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The Surprising Impact of Small Changes is What We Need

Fossil fuels are at the intersection between the climate crisis and geopolitics; contributing to the transition to renewable energy will serve two purposes. After a long reflection on what to do against the war in Ukraine and climate change, about a year ago, we decided to work on accelerating the phasing out of natural gas from UK homes. changes


Why gas boilers?

The Surprising Impact of Small Change is What We Need unagru architecture urbanism ecological sustainability

Today, 95% of UK homes are centrally heated, relying on gas or oil-fired boilers.


There are 26 million gas boilers in the UK, each emitting 3.5 tons of CO2 annually on average. The combined 90 million tons is almost double the emissions of all our power plants combined. Gas boilers are also dangerous emitters of carbon monoxide, which can be lethal indoors, and Nitrogen Dioxide (NO2), particularly dangerous in cities. Clearly, we want to get rid of them.


Boilers are replaced every fifteen years at a pace of 1.7 million annually. Only a fraction of these, about 60 thousand, was replaced by a heat pump last year: less than 3%. It would take four hundred years to complete the transition at this pace.



Surely someone is doing something? Yes and no. The government has rightfully approved a ban to gas boilers in all new build homes starting in 2025 (better late than never). The decision is really a no-brainer: new buildings built to decent efficiency standards are perfectly suited for heat pumps.


What about existing buildings and boilers? Here, governments are less proactive. In the UK, a ban on gas boilers is expected to take effect around 2035, so we will have gas boilers running until 2050. Incentives to replace gas boilers are limited to heat pumps, which are a great alternative but not always viable and usually expensive. Scientific orthodoxy on sustainable buildings prescribes focusing on the building’s fabric (wall, floor, roof and windows): to make buildings more insulated and airtight (retrofit), thus reducing energy consumption. This makes sense in many ways: firstly because not consuming energy in the first place is the best way to reduce carbon emissions. Secondly, saving energy saves money.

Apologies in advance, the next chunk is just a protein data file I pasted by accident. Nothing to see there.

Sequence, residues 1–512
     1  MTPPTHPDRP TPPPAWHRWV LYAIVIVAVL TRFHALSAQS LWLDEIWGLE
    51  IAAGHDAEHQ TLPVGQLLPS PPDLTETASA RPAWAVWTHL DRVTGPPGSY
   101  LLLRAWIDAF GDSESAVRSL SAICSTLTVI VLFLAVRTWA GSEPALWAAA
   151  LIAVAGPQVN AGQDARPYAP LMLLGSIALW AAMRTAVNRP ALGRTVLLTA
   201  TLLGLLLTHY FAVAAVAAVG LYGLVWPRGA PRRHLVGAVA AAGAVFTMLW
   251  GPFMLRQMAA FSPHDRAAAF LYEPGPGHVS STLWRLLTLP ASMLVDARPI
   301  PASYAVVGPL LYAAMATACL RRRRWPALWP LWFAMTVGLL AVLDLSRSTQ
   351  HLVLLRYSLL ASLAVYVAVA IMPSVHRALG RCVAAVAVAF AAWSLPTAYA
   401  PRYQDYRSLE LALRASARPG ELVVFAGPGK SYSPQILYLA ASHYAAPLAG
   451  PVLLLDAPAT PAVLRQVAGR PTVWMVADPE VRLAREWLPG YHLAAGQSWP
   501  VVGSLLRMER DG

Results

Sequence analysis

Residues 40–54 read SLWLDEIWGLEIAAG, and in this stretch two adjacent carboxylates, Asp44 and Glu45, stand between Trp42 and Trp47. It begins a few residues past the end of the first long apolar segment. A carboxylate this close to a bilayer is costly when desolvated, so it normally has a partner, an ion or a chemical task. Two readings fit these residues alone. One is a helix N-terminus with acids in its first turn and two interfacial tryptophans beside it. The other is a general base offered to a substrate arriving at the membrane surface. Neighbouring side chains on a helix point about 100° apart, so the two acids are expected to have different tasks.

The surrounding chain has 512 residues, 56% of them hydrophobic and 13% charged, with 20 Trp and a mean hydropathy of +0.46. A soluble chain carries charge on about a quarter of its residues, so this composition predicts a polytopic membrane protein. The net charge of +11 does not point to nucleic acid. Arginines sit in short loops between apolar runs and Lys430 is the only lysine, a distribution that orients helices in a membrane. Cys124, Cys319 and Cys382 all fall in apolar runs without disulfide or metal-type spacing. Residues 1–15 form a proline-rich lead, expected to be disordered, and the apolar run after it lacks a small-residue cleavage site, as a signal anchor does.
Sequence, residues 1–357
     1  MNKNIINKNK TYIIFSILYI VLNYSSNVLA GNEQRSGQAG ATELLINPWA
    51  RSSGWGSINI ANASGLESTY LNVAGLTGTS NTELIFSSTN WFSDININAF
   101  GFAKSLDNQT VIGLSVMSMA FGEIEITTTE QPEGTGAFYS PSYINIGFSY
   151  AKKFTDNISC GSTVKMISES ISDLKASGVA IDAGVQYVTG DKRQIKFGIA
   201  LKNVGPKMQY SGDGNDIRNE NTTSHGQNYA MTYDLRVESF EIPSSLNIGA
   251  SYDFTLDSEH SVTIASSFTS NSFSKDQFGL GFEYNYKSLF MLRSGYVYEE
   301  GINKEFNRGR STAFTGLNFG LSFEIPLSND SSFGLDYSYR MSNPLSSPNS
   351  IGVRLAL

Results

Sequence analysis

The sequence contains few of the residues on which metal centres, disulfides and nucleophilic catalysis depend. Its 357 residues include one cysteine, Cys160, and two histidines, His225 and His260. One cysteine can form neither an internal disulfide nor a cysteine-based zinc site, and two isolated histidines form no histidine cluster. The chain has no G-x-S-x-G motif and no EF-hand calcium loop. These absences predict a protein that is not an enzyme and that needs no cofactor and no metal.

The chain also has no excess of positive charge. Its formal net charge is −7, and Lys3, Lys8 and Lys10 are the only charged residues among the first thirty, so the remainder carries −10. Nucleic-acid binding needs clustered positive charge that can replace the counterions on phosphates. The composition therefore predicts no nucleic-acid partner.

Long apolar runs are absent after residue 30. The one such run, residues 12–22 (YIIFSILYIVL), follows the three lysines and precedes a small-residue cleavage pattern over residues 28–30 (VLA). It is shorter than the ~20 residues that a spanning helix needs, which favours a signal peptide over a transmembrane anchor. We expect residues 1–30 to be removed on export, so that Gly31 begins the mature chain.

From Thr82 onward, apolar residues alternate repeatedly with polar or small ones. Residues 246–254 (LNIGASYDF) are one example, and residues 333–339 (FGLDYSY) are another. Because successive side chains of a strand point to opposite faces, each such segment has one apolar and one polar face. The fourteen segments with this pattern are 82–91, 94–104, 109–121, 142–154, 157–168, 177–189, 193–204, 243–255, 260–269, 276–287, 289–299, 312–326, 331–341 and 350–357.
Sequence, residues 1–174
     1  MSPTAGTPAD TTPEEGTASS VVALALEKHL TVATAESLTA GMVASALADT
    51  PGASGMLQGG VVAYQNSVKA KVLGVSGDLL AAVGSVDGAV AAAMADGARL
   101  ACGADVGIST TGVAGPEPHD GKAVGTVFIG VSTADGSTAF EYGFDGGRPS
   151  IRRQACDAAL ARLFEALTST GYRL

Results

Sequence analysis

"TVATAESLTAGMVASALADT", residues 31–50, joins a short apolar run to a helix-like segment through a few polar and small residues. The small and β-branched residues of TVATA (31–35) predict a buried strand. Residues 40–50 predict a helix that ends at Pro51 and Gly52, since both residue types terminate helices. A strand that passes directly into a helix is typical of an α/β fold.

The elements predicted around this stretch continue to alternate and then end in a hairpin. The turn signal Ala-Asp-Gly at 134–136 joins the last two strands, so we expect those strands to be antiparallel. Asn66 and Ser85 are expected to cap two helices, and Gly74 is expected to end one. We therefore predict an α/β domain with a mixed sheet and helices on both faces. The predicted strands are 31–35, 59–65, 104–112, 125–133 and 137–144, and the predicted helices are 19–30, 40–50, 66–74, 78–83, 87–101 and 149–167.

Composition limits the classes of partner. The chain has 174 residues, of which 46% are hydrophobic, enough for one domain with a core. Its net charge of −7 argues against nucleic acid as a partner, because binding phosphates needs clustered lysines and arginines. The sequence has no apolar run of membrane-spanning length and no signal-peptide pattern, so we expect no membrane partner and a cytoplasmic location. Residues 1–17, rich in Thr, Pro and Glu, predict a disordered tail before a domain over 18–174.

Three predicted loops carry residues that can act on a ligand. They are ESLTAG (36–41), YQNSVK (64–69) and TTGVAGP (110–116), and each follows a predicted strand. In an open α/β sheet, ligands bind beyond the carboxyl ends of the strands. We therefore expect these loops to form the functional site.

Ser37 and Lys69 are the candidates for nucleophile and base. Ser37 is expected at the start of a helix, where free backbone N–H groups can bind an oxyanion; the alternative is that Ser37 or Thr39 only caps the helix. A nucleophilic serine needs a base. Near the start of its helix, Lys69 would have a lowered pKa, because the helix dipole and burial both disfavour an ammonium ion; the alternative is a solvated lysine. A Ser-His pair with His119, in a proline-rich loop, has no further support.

But there are downsides to this policy. Retrofitting buildings, particularly old ones, needs to be done with care and can be expensive, depending on the improvement we seek. Secondly, retrofitting can be wasteful and carbon-intensive. It often entails demolition and reconstruction of parts of the building, new windows and doors and other invasive interventions, bringing forward costs and emissions. [1]

Finally, there is an opportunity issue: not always people have the money, the time and the expertise available to carry out a retrofit project. On the other hand, we have 1.7 million boilers being replaced every year. This is an opportunity in itself that we should not waste. In our opinion, incentives should be tied to upgrading or retrofitting the building fabric and replacing gas boilers with electric alternatives. More importantly, we need a branch of research and government policy that tackles the boiler issue separately from the building’s efficiency. If we do so, we suddenly have 1.7 million chances every year to reduce carbon emissions, urban pollution and several other risks related to gas boilers.